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Planning a River Cleanup

Planning a River Cleanup: A Start-to-Finish Guide to Cleaning Up Your Local Waterway

Individual people are responsible for creating the trash that clogs our waterways, and it’s often up to individual people to clean that trash up. Hosting a river cleanup project in your area is a great way to not only improve the health of your local waterway, but to form new friendships with like-minded people.

The first step in planning a river cleanup project is choosing a location. While this may seem straightforward, there are many factors to evaluate before making a final call.

What the Experts Say:

Know the state of your stream:

  • How much trash is there? Scout a few streams before deciding on a location to ensure you have trash for your volunteers to pick up.
  • Contact a local watershed association, stream watch group, or other local environmental group. They may be able to tell you where to find streams in need of a cleanup.

Know the accessibility:

  • How deep is the stream?
  • How thick is the vegetation along the banks?
  • How many access points are there?
  • How far away will volunteers be from the trash collection area? Consider that volunteers will have to carry bags of trash back to this point, and waterlogged trash can be heavy.

Pick a good season:

  • Late spring is good: as water levels begin to drop, trash is often left above the water level.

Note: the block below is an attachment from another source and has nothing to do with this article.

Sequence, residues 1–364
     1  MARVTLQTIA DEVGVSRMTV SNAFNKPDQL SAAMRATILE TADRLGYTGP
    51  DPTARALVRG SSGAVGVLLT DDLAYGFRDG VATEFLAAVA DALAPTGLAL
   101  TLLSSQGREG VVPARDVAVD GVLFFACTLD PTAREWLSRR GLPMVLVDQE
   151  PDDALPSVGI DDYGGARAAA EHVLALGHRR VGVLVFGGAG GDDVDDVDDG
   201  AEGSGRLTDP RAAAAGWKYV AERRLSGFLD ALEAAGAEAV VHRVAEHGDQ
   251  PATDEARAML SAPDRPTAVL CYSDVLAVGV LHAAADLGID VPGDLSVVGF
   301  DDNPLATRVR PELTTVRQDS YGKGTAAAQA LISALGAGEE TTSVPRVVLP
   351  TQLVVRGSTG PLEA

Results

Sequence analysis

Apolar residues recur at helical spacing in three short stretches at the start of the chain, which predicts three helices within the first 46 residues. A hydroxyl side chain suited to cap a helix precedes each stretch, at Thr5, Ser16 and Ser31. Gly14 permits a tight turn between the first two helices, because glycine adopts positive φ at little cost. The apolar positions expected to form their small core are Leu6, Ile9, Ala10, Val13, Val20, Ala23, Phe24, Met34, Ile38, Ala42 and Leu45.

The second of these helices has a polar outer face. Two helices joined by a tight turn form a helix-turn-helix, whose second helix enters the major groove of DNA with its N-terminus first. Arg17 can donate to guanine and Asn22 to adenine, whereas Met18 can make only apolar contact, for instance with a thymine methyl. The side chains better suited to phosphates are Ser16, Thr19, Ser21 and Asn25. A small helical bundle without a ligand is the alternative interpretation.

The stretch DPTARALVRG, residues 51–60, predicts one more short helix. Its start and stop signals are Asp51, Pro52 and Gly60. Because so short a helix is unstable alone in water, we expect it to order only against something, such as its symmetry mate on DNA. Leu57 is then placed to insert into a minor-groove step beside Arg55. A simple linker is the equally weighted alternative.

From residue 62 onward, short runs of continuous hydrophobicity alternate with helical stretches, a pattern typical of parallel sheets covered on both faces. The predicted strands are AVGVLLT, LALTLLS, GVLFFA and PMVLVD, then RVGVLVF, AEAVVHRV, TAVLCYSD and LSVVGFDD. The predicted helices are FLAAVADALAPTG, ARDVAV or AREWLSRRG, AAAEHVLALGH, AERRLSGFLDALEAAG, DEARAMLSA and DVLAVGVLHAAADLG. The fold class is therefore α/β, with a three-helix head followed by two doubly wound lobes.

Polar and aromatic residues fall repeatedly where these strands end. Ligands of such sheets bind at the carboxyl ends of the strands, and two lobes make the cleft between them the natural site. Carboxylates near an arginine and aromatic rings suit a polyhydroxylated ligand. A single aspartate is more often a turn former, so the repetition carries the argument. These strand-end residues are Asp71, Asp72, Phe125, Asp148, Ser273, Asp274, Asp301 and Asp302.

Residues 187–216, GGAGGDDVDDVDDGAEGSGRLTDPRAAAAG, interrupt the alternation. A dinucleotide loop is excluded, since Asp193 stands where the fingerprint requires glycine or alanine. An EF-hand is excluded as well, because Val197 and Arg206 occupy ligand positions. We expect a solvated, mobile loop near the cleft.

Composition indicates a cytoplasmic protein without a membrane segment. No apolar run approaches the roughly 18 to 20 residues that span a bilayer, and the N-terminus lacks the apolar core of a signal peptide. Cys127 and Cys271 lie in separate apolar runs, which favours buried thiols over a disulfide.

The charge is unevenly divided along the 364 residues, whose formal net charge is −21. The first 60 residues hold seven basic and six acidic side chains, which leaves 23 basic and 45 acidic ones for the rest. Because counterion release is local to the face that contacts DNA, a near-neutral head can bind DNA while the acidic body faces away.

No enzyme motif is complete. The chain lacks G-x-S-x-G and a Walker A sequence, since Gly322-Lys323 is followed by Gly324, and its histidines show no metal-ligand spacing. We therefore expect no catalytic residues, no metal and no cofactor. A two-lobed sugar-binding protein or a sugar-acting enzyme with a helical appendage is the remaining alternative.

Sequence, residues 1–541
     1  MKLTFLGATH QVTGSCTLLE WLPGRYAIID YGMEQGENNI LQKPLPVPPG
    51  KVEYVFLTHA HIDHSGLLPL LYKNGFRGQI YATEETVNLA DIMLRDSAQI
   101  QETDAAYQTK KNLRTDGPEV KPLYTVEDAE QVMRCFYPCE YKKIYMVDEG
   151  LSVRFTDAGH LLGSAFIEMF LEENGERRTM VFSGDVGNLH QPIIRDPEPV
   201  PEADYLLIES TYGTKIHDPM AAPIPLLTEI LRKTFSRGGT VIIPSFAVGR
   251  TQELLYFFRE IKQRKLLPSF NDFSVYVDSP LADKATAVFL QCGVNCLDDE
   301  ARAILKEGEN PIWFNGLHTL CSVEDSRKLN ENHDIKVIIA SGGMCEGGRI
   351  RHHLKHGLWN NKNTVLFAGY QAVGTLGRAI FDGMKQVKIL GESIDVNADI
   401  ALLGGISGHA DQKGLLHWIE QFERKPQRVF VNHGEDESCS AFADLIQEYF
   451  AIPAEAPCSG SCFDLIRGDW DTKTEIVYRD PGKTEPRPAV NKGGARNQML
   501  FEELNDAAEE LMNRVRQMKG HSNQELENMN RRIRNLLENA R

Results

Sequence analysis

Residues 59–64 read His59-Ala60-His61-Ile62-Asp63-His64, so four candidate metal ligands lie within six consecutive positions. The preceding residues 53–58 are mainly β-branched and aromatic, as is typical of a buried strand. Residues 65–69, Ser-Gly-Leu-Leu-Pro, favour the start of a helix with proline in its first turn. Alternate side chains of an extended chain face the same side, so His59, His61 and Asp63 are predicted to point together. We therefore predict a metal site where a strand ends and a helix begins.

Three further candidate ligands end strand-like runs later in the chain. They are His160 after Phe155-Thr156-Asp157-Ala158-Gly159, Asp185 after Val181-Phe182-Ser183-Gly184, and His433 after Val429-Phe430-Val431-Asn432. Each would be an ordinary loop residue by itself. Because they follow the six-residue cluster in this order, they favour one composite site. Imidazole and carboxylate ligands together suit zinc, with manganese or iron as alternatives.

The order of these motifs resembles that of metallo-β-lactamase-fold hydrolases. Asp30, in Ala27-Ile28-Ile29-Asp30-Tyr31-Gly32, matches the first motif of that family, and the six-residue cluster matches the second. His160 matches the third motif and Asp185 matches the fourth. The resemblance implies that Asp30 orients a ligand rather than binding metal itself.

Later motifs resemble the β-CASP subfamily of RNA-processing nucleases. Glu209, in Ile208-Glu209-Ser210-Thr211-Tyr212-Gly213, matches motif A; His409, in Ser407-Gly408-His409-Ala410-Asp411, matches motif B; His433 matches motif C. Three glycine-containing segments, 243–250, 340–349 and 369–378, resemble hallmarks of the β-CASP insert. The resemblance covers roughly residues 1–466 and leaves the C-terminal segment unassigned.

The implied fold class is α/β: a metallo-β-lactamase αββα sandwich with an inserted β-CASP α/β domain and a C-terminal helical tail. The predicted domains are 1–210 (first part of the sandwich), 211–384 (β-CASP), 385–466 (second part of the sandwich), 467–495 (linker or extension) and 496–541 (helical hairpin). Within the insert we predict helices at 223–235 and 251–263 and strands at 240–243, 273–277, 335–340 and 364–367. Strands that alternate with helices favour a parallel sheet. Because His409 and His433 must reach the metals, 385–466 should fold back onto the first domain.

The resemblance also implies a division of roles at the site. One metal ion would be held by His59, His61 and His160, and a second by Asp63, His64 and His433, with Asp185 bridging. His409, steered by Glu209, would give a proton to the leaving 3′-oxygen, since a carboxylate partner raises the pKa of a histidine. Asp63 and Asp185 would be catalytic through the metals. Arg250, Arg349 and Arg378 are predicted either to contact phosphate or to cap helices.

• Fall/early winter is good: good weather, low water levels.
  • Depending on your location, summer is usually bad: hot and muggy (and buggy), trash hidden by overgrowth and poison ivy can be a concern.

Putting It All Together:

Choose a cleanup location with the following characteristics:

  • A sizable amount of trash within reach of volunteers walking along the bank.
  • Within reasonable walking distance of somewhere volunteers can park.
  • Within reasonable walking distance of the pre-and post-cleanup meeting spot.
  • Has low, non-poisonous vegetation that won’t conceal trash.
  • Accessible at multiple points so that all volunteers can participate.
  • Is not near deep water or dangerous rapids.

If your cleanup location doesn’t have nearby parking, ask a local business or place of worship if volunteers can park in their lots during the cleanup. Tell volunteers to meet at the parking area to carpool to the cleanup site.

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